As I mentioned in my last article I am currently trying to teach myself programming on the Atari 8 Bit. Right now that involves looking at the Graphics capability and working my way through the book Compute!’s First Book On Atari Graphics.
Right now I am working on Display Lists. One of the tools I am using to understand the example programs is to examine the actual display list after it has been altered. But, when working with a display list the screen is often not a convenient place to view this information (as it is often not in a place where text can be easily printed to it).
I use an emulator for most of this – though I am testing things on an actual Atari machine too. But the nice thing about the emulator is that is has a virtual printer. Anything that is printed to the printer is actually displayed on the host computer as a simple text file. That gave me the idea to write the function here.
I wanted to document it here for myself and, if anyone stumbles across here and finds it useful (in and of itself or to modify to their own taste) so much the better.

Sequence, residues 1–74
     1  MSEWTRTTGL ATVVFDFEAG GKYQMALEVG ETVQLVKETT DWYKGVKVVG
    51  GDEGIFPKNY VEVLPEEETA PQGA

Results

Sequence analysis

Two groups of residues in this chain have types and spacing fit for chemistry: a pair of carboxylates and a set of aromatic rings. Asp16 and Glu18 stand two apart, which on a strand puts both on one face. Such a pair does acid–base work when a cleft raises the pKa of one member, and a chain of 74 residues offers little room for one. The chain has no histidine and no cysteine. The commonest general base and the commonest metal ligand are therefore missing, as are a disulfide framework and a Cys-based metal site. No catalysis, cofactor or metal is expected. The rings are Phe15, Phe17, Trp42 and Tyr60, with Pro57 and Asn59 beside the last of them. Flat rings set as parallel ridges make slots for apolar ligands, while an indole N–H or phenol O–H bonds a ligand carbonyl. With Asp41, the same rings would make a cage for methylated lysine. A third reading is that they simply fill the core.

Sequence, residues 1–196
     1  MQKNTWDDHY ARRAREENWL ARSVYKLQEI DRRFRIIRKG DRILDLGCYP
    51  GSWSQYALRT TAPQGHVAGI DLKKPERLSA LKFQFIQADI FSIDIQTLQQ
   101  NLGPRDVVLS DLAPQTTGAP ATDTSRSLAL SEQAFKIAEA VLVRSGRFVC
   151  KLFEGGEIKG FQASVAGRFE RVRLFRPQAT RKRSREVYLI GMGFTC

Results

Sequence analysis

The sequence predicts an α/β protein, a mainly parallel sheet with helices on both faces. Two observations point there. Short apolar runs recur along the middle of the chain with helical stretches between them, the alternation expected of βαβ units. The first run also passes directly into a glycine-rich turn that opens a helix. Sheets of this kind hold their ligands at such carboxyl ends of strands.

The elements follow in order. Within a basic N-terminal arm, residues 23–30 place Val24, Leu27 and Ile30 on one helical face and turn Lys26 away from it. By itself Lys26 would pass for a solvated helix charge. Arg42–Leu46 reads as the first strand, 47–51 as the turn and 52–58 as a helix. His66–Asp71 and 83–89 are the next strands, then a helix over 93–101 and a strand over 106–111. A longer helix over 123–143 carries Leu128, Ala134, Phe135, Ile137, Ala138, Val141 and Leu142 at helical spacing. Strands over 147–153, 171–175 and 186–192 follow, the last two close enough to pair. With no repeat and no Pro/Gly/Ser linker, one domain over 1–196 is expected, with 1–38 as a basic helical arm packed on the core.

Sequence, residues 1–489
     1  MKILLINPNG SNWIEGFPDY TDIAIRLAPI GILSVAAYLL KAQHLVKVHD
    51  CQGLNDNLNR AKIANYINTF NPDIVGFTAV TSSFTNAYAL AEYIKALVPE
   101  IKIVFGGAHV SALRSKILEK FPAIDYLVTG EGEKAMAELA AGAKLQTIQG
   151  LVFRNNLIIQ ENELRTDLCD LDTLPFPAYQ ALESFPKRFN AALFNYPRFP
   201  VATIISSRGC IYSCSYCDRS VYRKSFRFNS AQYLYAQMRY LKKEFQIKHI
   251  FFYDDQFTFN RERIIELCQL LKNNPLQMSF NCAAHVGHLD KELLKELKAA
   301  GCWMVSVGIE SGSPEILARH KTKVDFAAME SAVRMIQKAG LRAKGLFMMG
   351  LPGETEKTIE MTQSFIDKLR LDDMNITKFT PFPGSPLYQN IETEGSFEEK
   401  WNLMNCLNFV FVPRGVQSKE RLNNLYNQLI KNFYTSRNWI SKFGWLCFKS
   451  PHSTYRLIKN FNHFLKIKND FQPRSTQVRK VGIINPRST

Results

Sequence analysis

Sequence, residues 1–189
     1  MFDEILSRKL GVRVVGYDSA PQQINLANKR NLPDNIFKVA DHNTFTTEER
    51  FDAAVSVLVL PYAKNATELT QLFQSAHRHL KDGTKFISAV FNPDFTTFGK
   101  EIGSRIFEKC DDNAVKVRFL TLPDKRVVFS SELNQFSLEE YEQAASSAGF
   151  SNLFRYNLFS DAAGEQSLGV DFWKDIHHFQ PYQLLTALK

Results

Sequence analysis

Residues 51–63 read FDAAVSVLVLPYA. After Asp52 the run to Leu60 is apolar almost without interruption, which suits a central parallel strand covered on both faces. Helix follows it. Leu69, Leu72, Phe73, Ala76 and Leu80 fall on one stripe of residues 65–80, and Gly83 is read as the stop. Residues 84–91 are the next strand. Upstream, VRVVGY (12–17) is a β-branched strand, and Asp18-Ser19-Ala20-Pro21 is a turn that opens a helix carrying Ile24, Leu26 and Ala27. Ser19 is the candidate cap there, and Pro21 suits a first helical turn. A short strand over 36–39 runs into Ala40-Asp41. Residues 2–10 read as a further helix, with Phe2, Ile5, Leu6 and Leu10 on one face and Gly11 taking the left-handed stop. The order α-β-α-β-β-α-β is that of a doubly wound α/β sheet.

1000 REM ** PRINT DISPLAY LIST
1010 DIM DLS$(255)
1040 DLPV=PEEK(DLP):IF DLPV<>65 THEN DLP=DLP+1:DLS$(LEN(DLS$)+1)=STR$(DLPV):DLS$(LEN(DLS$)+1)=",":GOTO 1040
1080 LPRINT DLS$;CHR$(12)
In my continuing efforts to learn how to program the Atari 8-bit line decided I needed to step back when I started looking at display lists interrupts. I want to, eventually, learn to program this machine using assembler, but it became clear to me I needed to understand more about the concepts surrounding how the Atari draws to the screen, handles colors, and standard graphics modes. I pulled out my copy of Compute! ‘s First Book on Atari Graphics and my Atari Basic Reference Manual and set out to understand these topics.
This article is going to be my first foray into documenting my understanding of these so far. This article may not contain the correct information, but if it doesn’t, I will endeavor to come back to this article and post an addendum or follow up reference to a new corrected article when I learn more.
First the obligatory comment: It’s been a long time since I have posted anything at all. Not sure why per say just haven’t had a ton to say. Now on to what I want to say today.